Find a back issue

Making Dallas Even Better

Ben Sandifer Fights To Protect Dallas’ Nature So That You Don’t Have To

Robert Wilonsky has a great story in today’s paper that you should take the time to read. It’s about a private citizen named Ben Sandifer who is dealing with the city’s shit — literally. In this case, a city worker drove a massive excavator onto sensitive parkland so that he could take a dump. The excavator got stuck in the mud, and a front-end loader had to go in after it to pull it out. A whole bunch of Norbuck Park, off Buckner Boulevard, got torn up in the process. Sandifer saw it happen. He took video. He asked questions. If it weren’t for him, people who use the park would have wondered why it had been torn up, and the crappy city worker would never have been held accountable. (A city official told Wilonsky Wednesday that he wasn’t sure if the city employee would be punished, which is difficult to understand. Here’s how it should be handled. Supervisor: “Did you drive your excavator into a park so that you could take a shit?” Worker: “Yes.” Supervisor: “You’re fired.”)

Anyway, that’s all a preamble for what I really want to tell you. Hopefully you know about Big Spring and the effort to give it a historic designation. The Dallas City Council is scheduled to vote on the matter April 27.

Read More

Remembering David Bowie’s 1983 Las Colinas Sessions With Stevie Ray Vaughan

I’m still trying to wrap my mind around a world without David Bowie. The innovator, the legend, the icon — a man who belongs on a short list of the most important artists of the late-20th century — passed away from cancer last night at the age of 69. Amidst the many obituaries and tributes that are surely to come pouring out over the coming days and weeks, I thought I’d pass along 90 minutes of bootleg Bowie recorded at the Las Colinas Studios on April 27, 1983.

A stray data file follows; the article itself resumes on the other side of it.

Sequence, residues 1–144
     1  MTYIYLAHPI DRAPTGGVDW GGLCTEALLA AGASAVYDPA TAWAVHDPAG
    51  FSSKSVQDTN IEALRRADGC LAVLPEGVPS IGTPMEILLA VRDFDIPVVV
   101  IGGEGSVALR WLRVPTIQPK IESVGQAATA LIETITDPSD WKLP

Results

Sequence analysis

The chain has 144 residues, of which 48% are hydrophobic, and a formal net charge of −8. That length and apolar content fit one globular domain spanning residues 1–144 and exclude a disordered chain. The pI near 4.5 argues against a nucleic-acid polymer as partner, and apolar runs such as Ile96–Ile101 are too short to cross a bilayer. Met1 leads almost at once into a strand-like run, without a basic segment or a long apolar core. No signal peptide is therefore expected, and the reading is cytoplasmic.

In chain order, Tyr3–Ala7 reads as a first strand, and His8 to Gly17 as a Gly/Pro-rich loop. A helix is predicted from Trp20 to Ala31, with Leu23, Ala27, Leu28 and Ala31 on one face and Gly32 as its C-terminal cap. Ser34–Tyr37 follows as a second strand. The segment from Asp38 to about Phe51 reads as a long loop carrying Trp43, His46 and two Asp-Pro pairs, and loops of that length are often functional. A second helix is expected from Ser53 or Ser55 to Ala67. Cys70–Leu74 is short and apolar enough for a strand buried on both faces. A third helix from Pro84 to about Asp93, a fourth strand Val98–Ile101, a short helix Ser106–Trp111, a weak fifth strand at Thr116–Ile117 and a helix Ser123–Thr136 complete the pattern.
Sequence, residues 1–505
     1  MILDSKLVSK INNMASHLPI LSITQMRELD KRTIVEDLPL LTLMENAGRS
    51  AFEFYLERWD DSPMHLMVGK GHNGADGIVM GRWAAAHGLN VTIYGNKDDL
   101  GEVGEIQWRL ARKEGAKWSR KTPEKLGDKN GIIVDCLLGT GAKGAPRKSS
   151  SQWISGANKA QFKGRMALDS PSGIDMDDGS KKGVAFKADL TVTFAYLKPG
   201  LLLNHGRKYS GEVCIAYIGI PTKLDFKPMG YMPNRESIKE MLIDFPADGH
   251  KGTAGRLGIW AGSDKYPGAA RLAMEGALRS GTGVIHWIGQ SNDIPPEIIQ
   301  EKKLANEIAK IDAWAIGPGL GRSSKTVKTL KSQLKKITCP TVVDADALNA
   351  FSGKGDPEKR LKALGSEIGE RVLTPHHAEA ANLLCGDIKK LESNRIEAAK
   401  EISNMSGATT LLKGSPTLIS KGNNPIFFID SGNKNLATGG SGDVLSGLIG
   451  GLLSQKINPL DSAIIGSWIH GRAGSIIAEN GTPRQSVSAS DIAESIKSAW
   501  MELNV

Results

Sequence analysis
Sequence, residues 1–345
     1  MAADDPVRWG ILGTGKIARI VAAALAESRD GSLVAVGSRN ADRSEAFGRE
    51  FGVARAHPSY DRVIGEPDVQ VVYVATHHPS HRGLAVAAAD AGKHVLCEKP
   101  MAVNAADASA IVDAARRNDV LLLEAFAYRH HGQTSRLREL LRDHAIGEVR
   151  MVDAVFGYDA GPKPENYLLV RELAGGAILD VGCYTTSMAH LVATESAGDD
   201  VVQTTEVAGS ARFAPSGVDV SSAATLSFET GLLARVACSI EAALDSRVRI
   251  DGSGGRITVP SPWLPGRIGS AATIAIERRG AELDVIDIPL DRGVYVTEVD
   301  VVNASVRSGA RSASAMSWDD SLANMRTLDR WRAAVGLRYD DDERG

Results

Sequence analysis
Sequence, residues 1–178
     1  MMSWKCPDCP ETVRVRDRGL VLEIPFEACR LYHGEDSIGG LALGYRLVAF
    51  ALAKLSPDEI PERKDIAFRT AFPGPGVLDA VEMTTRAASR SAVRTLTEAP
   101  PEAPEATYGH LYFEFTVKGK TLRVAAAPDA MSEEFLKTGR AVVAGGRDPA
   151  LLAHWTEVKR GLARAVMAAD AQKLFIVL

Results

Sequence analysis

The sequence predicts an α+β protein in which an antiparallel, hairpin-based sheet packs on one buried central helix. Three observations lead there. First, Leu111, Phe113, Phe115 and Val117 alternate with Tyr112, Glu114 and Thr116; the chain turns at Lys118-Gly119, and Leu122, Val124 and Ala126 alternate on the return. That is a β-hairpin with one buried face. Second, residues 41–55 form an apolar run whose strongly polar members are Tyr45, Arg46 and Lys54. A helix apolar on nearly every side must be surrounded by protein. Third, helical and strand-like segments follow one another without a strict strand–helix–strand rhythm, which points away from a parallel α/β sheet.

Let’s set the stage:

Read More

Chris Kyle Fans’ Corny Homage to the American Sniper

You remember Chris Kyle, right? Of course you do. He’s the American Sniper. He’s a modern-day folk hero. He was honored on the Cowboys star. He is beloved by people who go to Patriot Tour events, which are sort of like DigiTour for people who crush on ammo. Our own Michael J. Mooney wrote the book on Kyle. Sure, Kyle wrote a book on Kyle, but Mike’s is the book because Kyle’s book is filled with lies.

Mike’s article on Kyle is still one of the most read things on this website. That’s because people love Chris Kyle. But no one loves Kyle more than this guy in Walton County, Georgia, who turned a corn field into a labyrinthine homage to the Navy Seal sniper who is said to have killed more people in combat than any other sniper in U.S. history.

“We are not only honoring Chris Kyle but we are honoring all men and women who have served and are serving our great country,” [Corn Dogs Adventure Park] said on its Facebook page.

The maze opens today, if you’re itching for a road trip. In its own way, this thing is amazing. I mean, can you think of a more appropriate way to pay tribute to Kyle than getting lost in a tangle of out-sized and out-of-context patriotic messaging?

Read More

After SCOTUS Decision, Jack Evans and George Harris Go Get Their Marriage License